“Just because someone is registered as a republican doesn’t mean they stand for anything,” he wrote. “I know we have more rhinos (cowards) in office, that absolutely shouldn’t be their.”
There are signs that Greene is not the only one investigators are interested in.
Questions about payments the county made to businesses with connections to Herring, his chief deputy, also have been turned over to investigators, according to Byrd, the county commissioner.
While Herring helped administer the sheriff’s office budget, the county made several payments to Show Ridez, a Whiteville company that provides auto detailing, decal application, and other vehicle services, Byrd said and a county attorney confirmed last year.
A 2022 video on the Show Ridez TikTok account lists Herring as owner, though Herring said in an interview that year that he was owner of Show Ridez Automotive Services, which was a distinct business. Two other men are listed in filings with the county’s Register of Deeds as owners of other businesses with similar names, and a 2015 Facebook post on the Show Ridez page lists the three men as co-owners.
A man answering the phone for Show Ridez in September hung up when asked to explain the relationships between the three men and their similarly named legal entities. Byrd said by the time the county was paying Show Ridez, Herring had bought his partners out. Herring has not responded to recent interview requests.
Byrd brought the county’s Show Ridez payments to the attention of his fellow commissioners during a September 19, 2022 meeting. Even before he broached the subject, the meeting was tense. Byrd had warned the county manager about “turmoil out there you might want to get involved in” related to the county’s 911 center.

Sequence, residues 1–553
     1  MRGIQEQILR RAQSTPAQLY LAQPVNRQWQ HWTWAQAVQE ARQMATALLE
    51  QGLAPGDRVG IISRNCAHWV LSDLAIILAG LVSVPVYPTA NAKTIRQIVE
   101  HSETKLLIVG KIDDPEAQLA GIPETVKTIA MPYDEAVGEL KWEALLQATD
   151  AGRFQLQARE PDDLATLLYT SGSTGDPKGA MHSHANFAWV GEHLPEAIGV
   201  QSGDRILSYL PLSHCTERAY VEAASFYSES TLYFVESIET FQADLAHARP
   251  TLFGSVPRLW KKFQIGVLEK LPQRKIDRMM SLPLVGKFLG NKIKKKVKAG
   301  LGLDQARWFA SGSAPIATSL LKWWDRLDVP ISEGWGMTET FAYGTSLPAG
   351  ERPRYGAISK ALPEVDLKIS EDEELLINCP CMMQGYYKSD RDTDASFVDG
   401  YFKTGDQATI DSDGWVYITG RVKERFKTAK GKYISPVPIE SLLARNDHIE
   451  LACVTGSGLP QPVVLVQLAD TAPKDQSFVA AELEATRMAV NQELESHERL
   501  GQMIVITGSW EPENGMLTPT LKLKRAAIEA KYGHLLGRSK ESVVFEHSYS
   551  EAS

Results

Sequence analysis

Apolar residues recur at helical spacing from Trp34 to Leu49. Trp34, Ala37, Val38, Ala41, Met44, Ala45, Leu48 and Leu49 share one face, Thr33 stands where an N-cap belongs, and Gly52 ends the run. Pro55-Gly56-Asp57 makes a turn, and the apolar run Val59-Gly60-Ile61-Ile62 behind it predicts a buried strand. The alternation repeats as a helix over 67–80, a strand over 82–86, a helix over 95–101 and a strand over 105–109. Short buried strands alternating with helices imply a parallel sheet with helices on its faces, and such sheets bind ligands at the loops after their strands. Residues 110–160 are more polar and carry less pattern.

A former state trooper had been selected to fill a newly created position, and Greene’s critics, including Byrd, thought the hiring signaled Greene was angling to take that office over.
McMillian, the former state trooper who was then a commissioner and court bailiff, was visibly irritated by Byrd’s comments. He turned his head away. “Damn, how come there’s always all this stuff going on that nobody else on the board knows about?” McMillian said.
“You might be talking to the wrong people,” Byrd retorted. “I talk to the common man. I don’t talk to the big white collar man all the time.”
“Ain’t that what you is?” McMillian shot back.
Byrd went on to raise two more sensitive subjects: the sheriff’s office’s commission of a glitzy recruitment video and the Show Ridez payments.
“I’m having people call me who want to know how much we have paid Show Ridez last year and up to this point of this year; I have no idea,” Byrd said at the meeting. “And someone called me about another issue about the county bringing in 11 cars and having some work done on them and they said the bill was either $330 per car or $430 per car … but the county didn’t pay the individual that done the work. The county paid through Show Ridez.”
Herring approached Byrd after the meeting and bumped him with his chest, Byrd said.
Byrd said he never was never told the cost of the video, but he did later learn that the county had paid more of Herring’s businesses and that Greene and Herring had each violated a policy requiring the board of commissioners to sign off on all county expenditures over $25,000. One of those unapproved expenditures was for a computer software update that cost $467,000, Byrd said.